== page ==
- Ag Docket
On November 6, 2019, the Iowa Court of Appeals affirmed a district court order dismissing a challenge by landowners to a county's condemnation of their property. The county sought to condemn the private land for the purpose of upgrading a dirt road to a Level A road.
Ringgold County served a notice upon landowners to condemn 0.7 acres of their land. The notice stated that the property was to be acquired by the county “for the construction of a new road for the future location of a new concrete batch plant.” The landowners filed a lawsuit challenging the county's exercise of eminent domain, claiming that it was “solely for the purpose of facilitating the incidental private use of a cement plant.” The district court dismissed the petition, and the landowners appealed.
Iowa law limits the right of the government to exercise eminent domain only for public use, purpose, or improvement. Iowa Code § 6A.22. This may also include “[p]rivate use that is incidental to the public use of the property, provided that no property shall be condemned solely for the purpose of facilitating such incidental private use.” Iowa Code § 6A.22(2)(a)(3). Public use does not include economic development that is favorable to the public, such as increased tax revenue, increased employment, or residential development.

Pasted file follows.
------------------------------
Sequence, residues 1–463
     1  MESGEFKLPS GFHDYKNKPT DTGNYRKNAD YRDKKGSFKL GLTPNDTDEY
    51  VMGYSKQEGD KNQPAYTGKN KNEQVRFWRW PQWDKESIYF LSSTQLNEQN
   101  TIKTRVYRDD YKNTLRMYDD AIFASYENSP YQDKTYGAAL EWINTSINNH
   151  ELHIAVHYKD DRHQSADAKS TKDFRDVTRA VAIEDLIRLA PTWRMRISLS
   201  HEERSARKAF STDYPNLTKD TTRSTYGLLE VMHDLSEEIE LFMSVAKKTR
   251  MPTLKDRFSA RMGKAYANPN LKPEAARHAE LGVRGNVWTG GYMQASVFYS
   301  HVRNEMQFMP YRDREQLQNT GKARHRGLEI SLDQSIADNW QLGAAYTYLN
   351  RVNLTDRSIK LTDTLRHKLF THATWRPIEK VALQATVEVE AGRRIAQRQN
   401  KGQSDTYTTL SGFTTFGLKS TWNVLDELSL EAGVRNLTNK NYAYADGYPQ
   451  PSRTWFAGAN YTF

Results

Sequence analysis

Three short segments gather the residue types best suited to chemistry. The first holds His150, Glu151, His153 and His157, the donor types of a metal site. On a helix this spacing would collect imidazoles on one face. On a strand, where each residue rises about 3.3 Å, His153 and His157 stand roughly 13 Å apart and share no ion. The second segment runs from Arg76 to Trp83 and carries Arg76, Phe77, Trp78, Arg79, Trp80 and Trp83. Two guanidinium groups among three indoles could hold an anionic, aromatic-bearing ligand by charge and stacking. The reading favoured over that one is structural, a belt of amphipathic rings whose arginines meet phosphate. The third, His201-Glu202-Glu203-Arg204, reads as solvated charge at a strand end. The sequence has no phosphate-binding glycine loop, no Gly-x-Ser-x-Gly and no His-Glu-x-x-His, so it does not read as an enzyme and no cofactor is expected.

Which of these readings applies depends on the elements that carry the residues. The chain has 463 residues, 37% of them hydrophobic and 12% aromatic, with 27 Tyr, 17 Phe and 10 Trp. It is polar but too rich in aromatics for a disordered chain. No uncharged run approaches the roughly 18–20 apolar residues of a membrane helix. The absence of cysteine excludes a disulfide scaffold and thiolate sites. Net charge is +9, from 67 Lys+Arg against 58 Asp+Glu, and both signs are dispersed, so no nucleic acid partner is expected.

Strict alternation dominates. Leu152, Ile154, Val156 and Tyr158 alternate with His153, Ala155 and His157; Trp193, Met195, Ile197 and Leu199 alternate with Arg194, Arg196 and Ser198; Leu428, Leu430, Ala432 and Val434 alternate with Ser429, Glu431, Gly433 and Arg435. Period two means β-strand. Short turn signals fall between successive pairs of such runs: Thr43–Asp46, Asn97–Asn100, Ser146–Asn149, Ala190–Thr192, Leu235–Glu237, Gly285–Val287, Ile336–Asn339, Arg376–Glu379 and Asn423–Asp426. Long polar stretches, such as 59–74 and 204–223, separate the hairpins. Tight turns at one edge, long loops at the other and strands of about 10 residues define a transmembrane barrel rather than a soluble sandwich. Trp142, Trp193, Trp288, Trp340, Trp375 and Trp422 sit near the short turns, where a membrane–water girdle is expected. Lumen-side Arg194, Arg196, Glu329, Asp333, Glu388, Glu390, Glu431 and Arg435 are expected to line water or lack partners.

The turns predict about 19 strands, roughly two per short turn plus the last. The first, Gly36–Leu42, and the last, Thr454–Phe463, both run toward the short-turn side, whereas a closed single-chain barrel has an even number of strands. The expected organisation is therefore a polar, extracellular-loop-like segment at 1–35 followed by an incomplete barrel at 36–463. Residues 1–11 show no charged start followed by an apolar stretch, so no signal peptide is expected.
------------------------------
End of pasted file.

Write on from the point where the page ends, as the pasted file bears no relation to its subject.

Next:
The landowners claimed that the county planned to widen the road solely to facilitate the construction of the privately-owned concrete batch plant. A county supervisor even testified that economic development was the basis for exercising eminent domain. The court ruled, based upon recent Iowa Supreme Court precedent, that the county did not have eminent domain authority based upon an economic development rationale. Puntenney v. Iowa Utils.Bd., 928 N.W.2d 829, 844 (Iowa 2019).
The court ruled, however, that the Board of Supervisors was statutorily authorized to upgrade the road. See Iowa Code § 306.27. The court found that the public use requirement under eminent domain did not apply to the improvement of roads under Iowa Code chapter 306. In this case, the Board of Supervisors wanted to upgrade the road from a Class B road to a Class A road in order to allow trucks to use the road safely. The road needed a greater width and grade; simply adding gravel would be insufficient because the road would be a public safety hazard. In this way, the need to upgrade the road did meet the public use doctrine under eminent domain. Therefore, the Court of Appeals affirmed the lower court’s ruling dismissing the lawsuit challenging the condemnation.
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